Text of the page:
Economy

Millions Still Filing For Unemployment As Recovery Stalls

JM Ashby
Written by JM Ashby

Trump's White House and the GOP would have you believe we're on the cusp of turning the corner and recovering from Trump's recession, but a spattering of good headlines about consumer spending and stocks do not convey the reality we're in.

An additional 1.3 million people filed new, initial claims for state unemployment last week according to the Commerce Department, but if you include gig-economy workers covered by the soon-to-expire pandemic program, the number was far higher.

Economists had forecast 1.250 million applications last week. First-time claims peaked at a historic 6.867 million in late March. Even now, they remain roughly double their highest point during the 2007-09 Great Recession. Including a program funded by the government, 2.23 million people filed claims last week.

There were 32 million people receiving unemployment checks under all programs in the last week of June, down 433,005 from the prior week. According to economists, this number, which is reported with a two-week lag, offered a more accurate reading of the labor market.

The Commerce Department's latest report also tells us that while consumer spending has increased, it has also receded.

Consumer spending increase by about half as much in June as it did in May.

Retail sales rose 7.5% last month after jumping 18.2% in May, which was the biggest gain since the government started tracking the series in 1992. Economists polled by Reuters had forecast retail sales advancing 5% in June. [...]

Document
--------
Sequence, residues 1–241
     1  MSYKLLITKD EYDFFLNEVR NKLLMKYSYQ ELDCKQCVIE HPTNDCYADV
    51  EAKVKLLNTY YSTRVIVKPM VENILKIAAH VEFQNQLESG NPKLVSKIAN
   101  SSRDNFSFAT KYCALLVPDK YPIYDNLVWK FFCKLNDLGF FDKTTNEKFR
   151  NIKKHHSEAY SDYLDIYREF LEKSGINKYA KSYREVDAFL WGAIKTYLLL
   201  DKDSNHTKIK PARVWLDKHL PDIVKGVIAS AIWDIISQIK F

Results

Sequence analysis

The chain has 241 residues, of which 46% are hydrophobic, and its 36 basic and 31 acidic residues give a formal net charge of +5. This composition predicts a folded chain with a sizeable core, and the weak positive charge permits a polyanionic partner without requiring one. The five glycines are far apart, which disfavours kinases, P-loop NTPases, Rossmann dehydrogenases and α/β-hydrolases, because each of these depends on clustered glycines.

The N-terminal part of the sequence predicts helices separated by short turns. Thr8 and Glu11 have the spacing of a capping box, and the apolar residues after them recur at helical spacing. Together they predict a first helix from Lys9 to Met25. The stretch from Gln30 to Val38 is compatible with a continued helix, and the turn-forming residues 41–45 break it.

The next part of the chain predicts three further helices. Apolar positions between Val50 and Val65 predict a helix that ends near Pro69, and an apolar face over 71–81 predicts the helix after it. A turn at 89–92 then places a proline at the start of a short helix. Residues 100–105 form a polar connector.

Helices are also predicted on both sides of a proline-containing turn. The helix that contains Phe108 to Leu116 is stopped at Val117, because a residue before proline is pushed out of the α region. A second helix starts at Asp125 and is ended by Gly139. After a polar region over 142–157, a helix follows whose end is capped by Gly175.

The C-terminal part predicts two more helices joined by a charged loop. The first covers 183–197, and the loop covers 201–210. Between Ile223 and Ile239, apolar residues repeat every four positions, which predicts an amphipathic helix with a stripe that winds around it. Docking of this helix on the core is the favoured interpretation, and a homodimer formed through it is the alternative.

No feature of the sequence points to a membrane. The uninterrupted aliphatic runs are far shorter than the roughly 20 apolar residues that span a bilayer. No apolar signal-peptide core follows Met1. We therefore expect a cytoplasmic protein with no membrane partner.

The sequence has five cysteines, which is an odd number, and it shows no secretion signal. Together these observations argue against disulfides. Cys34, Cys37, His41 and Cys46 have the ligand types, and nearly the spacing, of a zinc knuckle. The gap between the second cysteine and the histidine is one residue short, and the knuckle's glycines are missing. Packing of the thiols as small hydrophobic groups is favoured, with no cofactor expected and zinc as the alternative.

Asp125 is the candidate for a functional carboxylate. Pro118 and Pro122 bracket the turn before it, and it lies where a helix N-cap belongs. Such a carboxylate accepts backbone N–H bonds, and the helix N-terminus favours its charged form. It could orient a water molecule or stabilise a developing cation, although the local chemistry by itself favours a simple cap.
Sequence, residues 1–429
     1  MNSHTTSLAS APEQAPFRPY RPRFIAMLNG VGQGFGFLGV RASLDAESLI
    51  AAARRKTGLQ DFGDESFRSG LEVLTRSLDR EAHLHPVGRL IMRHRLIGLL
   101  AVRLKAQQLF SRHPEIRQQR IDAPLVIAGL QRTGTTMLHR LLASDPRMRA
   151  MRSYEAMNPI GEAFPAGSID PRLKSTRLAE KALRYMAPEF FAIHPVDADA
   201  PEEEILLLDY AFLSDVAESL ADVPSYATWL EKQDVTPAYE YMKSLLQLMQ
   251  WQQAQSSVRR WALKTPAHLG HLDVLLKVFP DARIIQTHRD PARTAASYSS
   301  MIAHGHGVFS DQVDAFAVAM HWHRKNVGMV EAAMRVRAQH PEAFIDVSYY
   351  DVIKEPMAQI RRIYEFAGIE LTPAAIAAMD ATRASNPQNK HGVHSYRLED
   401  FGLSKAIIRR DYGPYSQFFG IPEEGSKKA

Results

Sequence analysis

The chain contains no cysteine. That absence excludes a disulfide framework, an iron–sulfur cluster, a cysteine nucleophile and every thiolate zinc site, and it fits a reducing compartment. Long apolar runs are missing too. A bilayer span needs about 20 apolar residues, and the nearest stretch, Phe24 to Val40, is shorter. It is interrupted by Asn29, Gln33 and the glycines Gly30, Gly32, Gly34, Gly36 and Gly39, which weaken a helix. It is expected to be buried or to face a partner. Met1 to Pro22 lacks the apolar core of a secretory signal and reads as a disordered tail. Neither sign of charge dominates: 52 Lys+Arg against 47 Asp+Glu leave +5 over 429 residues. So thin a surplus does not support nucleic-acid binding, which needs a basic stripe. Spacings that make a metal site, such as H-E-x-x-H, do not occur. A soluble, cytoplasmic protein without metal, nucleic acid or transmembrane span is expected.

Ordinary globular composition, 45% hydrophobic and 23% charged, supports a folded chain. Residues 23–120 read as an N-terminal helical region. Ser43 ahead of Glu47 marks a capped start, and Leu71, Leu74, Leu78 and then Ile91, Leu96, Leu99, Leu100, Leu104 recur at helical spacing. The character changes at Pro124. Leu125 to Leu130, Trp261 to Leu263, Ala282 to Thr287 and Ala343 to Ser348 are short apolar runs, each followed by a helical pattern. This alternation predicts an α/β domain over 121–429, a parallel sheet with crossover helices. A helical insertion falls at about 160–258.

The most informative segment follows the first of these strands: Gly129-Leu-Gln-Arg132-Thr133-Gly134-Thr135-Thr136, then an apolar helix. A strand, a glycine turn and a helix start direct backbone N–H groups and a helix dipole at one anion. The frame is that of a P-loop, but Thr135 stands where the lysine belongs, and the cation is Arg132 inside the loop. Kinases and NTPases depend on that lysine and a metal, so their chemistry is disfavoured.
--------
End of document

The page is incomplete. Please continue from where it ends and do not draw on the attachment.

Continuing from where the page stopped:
Excluding automobiles, gasoline, building materials and food services, retail sales rose 5.6% in June after increasing 10.1% in May. These so-called core retail sales correspond most closely with the consumer spending component of the gross domestic product report.

If congressional Republicans allow the $600-per-week pandemic unemployment program to expire next week, you don't have to be an economist to see how big of a problem that's going to be. Consumer spending is already receding while the program is still giving people money to spend.

If 32 million people are currently receiving those checks, that means about $19 billion will fall out of the economy every single week if the program expires.

Are Republicans really going to push us over that cliff? I want to say even they aren't that crazy, but I don't know anymore.

This economic morass we're in is going to continue until we gain control of the coronavirus and there's little sign we're doing that and plenty of signs that we aren't. The University of Washington's model was updated yesterday with a projection that we'll 225,000 deaths by November.

In other words, an additional 100,000 people will die in the next 4 months -- or about 20,000 in the next four weeks alone -- if they're right

  • muselet

    Are Republicans really going to push us over that cliff? I want to say even they aren’t that crazy, but I don’t know anymore.

    The Rs’ preferred style of negotiation is like the blurb on the cover of the January 1973 National Lampoon: “If You Don’t Buy This Magazine, We’ll Kill This Dog”. The differences are (a) the dog in this case is the economy, and (b) the Rs aren’t making a joke.

    Will they kill Pandemic Unemployment Assistance? Perhaps not, at least if the Ds cave on something important, like zeroing out capital gains taxes, making R presidents immune from congressional oversight, or making trophy wives a deductible expense.

    And even if the Rs deign to do something that would benefit the grubby proles, they’ll make it less beneficial: they’re already arguing amongst themselves over whether to cut the $600 per week benefit to $400 or $200 (can’t disincentivize finding work, don’t cha know).

    This economic morass we’re in is going to continue until we gain control of the coronavirus and there’s little sign we’re doing that and plenty of signs that we aren’t.

    Alas, true.

    –alopecia